Whatever you do, do it well, and make it something you would be proud of. I suppose I could add the following: write something that makes you vulnerable as a human being. If you are writing the kind of story that you want to that is hard because it could be rejected and that feels personal when it means something to you, but that's where the inspiration is at.

    I've thought of writing something totally commercial to see if I could pull it off, but even if I did that I would return to what I want to really write, and I would imagine that even if my intent was to go totally commercial the reality is that my own style would come through anyway.

    I suppose that as long as you listen to your body and go with what feels right to you then you will be on track. Anything less just feels wrong. There's other ways to make a buck, right? So, the point of writing is to create the worlds and the characters that you are inspired to write not to please someone in the publishing world or to succeed. How do you define success? I would hope that you would rather have a few ideal readers love your story than aim for pleasing.

    Get your stories out to people. Then you are a storyteller, and not just an aspiring writer. Seems like things will click for you.

    Well, hope I didn't lose you with all the words.

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  6. @anthony: i have read your question several times and am still confused. help me :) To answer the question I think you're asking, no. I did not receive feedback indicating I need "fresh" material. But I've been reading a great deal of agent-bloggers who are looking for "fresh" or "new" archtypes etc as opposed to epic fantasy etc. The ones I've heard in person say the same thing. So I'm thinking there might be a connection between the books I didn't want to read and the books that get published ;)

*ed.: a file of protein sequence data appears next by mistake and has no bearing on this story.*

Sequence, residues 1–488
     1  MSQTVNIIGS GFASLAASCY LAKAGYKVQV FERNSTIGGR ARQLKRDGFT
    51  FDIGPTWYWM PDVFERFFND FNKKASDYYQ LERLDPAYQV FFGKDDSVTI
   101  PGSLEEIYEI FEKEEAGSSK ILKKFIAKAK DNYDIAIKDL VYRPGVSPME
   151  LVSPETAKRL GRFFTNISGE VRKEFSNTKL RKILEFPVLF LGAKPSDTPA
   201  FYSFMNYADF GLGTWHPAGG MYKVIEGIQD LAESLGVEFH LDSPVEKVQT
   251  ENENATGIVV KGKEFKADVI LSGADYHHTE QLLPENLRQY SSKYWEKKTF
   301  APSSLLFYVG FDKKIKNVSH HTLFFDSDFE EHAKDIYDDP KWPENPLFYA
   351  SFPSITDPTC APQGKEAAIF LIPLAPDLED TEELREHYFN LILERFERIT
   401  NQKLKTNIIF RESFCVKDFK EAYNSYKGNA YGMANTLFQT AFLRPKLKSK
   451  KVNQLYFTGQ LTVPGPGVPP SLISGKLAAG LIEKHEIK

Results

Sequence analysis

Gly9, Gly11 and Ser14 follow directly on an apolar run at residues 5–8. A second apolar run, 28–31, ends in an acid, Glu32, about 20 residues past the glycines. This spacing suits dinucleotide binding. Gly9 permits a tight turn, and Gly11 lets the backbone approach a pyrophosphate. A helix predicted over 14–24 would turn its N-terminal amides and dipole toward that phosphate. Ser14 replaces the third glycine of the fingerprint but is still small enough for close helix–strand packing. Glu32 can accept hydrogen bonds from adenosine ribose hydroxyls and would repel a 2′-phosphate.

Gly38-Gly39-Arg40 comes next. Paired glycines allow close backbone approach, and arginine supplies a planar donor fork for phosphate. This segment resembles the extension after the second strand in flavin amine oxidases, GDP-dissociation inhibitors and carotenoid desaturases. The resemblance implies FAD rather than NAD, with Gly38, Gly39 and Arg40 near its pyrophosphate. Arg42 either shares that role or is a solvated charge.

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  7. @dave: thank you. and no, you didn't lose me. lots of thoughts there -- and I like your take on tone. Simply the presentation of an age-old mythos makes it different and unique and appealing. It also seems to me that tone is the hardest thing to convey in a query letter :)

    Regardless, I'm taking your advice and writing what feels right to me. Although publishing is a dear dream, the most important thing is the story. And staying true to that seems like a worthy ideal.

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  8. Alex, okay, you answered my question.

    So don't take this the wrong way: you're trying to cheat. :-)

    You need to write the book you want to write which is the book you want to read. Then, while you are trying to sell this book, you have a foundation and skill set from which to build.

    And it is all about building. World-building is a fine art but it is also based on experience. Even a fantasy novel in which you are writing the arch-type gives you considerable world-building experience.

    It seems to me if there's a book in you that's trying to get out, you need to get it out even if it isn't going to sell. Write it, grab some beta readers, and party!